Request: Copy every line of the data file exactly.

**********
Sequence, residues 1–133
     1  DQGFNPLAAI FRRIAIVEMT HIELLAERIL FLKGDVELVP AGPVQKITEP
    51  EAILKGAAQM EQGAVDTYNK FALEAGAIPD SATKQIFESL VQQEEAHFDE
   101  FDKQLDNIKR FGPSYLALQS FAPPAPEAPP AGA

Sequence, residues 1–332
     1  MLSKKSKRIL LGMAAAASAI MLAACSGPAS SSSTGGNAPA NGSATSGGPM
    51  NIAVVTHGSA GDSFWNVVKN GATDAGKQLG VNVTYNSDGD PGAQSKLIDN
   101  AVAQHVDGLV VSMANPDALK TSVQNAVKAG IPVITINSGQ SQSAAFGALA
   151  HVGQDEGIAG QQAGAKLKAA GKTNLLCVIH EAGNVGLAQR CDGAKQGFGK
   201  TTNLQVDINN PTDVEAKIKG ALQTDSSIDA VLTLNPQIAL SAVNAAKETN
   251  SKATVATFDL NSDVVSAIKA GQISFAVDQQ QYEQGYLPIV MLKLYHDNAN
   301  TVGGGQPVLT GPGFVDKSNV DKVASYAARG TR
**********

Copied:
Sequence, residues 1–133
     1  DQGFNPLAAI FRRIAIVEMT HIELLAERIL FLKGDVELVP AGPVQKITEP
    51  EAILKGAAQM EQGAVDTYNK FALEAGAIPD SATKQIFESL VQQEEAHFDE
   101  FDKQLDNIKR FGPSYLALQS FAPPAPEAPP AGA

Sequence, residues 1–332
     1  MLSKKSKRIL LGMAAAASAI MLAACSGPAS SSSTGGNAPA NGSATSGGPM
    51  NIAVVTHGSA GDSFWNVVKN GATDAGKQLG VNVTYNSDGD PGAQSKLIDN
   101  AVAQHVDGLV VSMANPDALK TSVQNAVKAG IPVITINSGQ SQSAAFGALA
   151  HVGQDEGIAG QQAGAKLKAA GKTNLLCVIH EAGNVGLAQR CDGAKQGFGK
   201  TTNLQVDINN PTDVEAKIKG ALQTDSSIDA VLTLNPQIAL SAVNAAKETN
   251  SKATVATFDL NSDVVSAIKA GQISFAVDQQ QYEQGYLPIV MLKLYHDNAN
   301  TVGGGQPVLT GPGFVDKSNV DKVASYAARG TR